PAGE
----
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April 11, 2013

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paragardener

There are probably three ways I used the word "spiritual" or "spirit" in my post. It's a criminally vague word, sorry about that. The "spirit world" is the world as people 10,000 years ago universally understood it, through the universal experience of altered states, and it underlies all of the world religions (which mainly dispensed with the altered states in favor of texts, because they are riddled with oppressive control games.)
One theme I was trying to communicate is that there are different ways of perceiving, which lead to insight, which are not strictly rational. One way is through the experience of altered states, others are myth and intuition. Your poet's understanding is good, but I hope you do not feel that it is somehow less real than the measurable and reproducible. These ways of seeing are not less than reasonable, but totally critical to living sanely. What is a "right" but a myth? Some see no evidence that humans have rights to life and liberty, and find it much more rational for individuals to enjoy those things only at the mercy of the state. I see atheists denigrate myth and praise reason and evidence on a pretty regular basis, but at this time we need myths like "the land is sacred" and "people are made from dirt," not scientifically-based management from Monsanto and Eli Lily and the government ("the forces of Sauron.") There is nothing fictional about any part of that.

Kris

I'm not arguing with you on "the land is sacred," etc. I don't actually believe in "the sacred" insofar as "sacred" implies religious belief, but it works for me as a metaphorical term indicating something of crucial importance. More than that: a something that, if we ignore or denigrate it, we impoverish ourselves "spiritually." To me that means that we diminish our humanity and our sense of connection to nature and all living things.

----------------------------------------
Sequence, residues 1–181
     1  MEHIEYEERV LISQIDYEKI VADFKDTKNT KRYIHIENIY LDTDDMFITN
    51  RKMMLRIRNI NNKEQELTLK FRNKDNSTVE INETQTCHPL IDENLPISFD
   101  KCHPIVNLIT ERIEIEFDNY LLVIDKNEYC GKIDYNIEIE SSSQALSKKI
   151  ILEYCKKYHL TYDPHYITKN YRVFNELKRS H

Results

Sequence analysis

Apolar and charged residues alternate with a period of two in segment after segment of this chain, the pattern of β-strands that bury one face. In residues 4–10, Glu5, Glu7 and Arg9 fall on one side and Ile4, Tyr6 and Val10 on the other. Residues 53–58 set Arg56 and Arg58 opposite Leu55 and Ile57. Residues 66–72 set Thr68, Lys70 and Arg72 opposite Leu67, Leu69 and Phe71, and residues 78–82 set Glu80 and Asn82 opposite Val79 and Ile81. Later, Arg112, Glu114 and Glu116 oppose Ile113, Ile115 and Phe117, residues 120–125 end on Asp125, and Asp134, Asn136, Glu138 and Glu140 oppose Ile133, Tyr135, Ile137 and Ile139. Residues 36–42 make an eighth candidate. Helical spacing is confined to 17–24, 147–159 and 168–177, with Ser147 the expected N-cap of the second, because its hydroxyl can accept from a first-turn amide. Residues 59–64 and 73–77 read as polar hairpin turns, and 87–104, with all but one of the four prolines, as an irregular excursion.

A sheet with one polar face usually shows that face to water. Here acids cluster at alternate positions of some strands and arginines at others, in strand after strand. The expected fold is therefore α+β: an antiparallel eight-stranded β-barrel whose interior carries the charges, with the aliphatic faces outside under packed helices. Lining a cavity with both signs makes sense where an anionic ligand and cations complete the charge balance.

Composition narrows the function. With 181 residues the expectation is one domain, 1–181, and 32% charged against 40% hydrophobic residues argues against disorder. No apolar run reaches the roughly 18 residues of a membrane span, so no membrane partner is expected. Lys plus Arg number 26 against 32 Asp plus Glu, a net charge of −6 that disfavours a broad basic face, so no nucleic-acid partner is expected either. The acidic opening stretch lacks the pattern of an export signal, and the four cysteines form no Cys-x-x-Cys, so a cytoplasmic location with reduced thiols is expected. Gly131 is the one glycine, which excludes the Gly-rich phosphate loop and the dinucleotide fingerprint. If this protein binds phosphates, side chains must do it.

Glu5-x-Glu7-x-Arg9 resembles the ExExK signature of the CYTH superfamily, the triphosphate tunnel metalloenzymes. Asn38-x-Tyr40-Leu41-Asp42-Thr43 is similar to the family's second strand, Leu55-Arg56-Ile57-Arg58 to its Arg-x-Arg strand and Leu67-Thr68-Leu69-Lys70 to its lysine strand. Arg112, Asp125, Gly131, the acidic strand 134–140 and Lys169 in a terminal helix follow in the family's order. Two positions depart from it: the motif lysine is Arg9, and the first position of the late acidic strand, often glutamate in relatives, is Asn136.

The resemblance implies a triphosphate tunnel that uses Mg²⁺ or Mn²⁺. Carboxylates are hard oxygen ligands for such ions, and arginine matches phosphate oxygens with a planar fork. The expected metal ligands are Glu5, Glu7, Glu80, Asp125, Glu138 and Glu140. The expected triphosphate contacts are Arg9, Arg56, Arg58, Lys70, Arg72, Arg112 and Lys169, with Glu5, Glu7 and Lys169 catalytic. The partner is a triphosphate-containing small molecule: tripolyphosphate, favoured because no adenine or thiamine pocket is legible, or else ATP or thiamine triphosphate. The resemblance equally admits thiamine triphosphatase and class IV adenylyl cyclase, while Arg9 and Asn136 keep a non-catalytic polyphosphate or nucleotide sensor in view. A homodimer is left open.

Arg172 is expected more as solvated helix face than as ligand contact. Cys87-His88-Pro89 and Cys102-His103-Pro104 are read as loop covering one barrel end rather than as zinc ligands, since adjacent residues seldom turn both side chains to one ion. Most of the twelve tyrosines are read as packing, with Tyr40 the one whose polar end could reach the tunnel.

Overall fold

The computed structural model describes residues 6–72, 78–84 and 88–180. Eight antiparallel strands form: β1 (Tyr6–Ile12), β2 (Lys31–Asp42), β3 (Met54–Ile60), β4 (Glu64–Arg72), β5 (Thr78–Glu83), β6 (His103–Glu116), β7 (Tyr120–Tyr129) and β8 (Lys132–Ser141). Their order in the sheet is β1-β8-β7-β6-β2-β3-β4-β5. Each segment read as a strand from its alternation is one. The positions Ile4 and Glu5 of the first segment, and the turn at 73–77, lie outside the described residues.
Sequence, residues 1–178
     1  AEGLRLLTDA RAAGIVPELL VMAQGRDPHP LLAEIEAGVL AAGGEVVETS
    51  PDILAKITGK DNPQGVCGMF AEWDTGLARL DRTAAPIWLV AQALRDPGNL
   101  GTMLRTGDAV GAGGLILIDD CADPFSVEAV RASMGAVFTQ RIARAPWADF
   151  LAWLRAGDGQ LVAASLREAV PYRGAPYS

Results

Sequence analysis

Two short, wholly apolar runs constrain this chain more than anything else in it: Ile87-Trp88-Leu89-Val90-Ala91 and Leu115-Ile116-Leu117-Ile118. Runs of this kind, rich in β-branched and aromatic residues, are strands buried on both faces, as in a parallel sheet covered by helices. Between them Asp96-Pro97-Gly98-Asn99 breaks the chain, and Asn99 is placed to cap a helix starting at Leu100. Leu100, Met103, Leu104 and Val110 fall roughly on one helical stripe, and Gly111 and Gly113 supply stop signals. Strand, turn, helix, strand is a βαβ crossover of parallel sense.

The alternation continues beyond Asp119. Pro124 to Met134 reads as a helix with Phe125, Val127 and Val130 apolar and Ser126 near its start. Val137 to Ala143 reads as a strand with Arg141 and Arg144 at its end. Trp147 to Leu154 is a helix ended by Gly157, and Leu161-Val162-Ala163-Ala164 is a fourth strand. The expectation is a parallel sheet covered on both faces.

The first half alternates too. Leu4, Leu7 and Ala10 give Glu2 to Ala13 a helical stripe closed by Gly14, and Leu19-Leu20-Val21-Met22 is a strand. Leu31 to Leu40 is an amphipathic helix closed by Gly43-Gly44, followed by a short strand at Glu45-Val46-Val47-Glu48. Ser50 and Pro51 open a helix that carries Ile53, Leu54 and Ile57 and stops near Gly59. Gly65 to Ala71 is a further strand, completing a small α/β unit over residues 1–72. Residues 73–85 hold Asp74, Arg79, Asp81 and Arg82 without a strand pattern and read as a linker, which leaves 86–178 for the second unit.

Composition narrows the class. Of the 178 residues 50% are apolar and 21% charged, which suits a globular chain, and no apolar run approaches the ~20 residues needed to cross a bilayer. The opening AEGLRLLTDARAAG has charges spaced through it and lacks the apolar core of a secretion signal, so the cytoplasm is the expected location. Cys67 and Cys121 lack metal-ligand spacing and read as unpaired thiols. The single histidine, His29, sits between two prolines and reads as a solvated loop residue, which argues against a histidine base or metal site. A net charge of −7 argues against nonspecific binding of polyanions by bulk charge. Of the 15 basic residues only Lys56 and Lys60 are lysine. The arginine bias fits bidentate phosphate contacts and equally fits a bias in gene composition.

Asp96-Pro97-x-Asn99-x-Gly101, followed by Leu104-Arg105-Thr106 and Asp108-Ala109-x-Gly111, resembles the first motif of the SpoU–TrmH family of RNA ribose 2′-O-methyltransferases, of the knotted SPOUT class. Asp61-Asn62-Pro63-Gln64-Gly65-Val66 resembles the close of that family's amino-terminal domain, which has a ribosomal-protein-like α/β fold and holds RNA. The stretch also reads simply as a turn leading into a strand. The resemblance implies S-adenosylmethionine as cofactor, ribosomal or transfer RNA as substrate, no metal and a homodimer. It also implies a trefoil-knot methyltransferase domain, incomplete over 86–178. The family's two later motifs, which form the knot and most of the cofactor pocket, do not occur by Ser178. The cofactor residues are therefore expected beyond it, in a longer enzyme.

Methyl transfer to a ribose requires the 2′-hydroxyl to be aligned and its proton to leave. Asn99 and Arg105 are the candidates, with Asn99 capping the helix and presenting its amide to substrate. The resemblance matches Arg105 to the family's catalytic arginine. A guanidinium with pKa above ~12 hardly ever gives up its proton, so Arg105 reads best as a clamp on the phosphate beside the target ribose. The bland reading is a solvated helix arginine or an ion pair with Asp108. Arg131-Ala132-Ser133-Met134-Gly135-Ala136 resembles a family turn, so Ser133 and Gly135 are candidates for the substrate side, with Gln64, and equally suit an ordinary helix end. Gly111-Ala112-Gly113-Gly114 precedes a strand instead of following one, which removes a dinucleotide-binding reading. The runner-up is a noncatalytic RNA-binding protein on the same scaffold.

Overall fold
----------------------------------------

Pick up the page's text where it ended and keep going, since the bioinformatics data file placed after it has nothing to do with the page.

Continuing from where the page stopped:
I also don't think I reduce things to the measurable and reproducible. How do you measure things like love or beauty or that rush of feeling you can get looking at stars in the desert? You don't, but that doesn't mean they're not real. I never said otherwise.

Really i don't think we disagree all that much. I characterize these things differently from you, for the most part. I do think it's true that one can come to perceptions in different ways that aren't strictly rational. If I didn't think so, I would never have read or written poetry and I sure wouldn't know what to make of Ravi Shankar's music. I have always been exceedingly interested in myth as well. Maybe we could make a distinction between perceiving and knowing? Or maybe you want to expand the definition of knowing. I see that argument quite often. Perceiving and feeling and intuiting are all very human and I don't want to trivialize any of those things.

I also think that science could be used not to lead to Monsanto and Eli Lilly but to steer us away from that. I wish the skeptical movement (which is separate from atheism) would turn a critical eye on such things and help save the planet instead of going on and on about Bigfoot, aliens, etc.

Somewhere I read that neo-paganism seems to be growing and I have nothing against that! That would be a boon as long as it didn't become an organized religion.

Finally, I prefer "people are made of stars" to "people are made of dirt." Same thing, in the end, of course.

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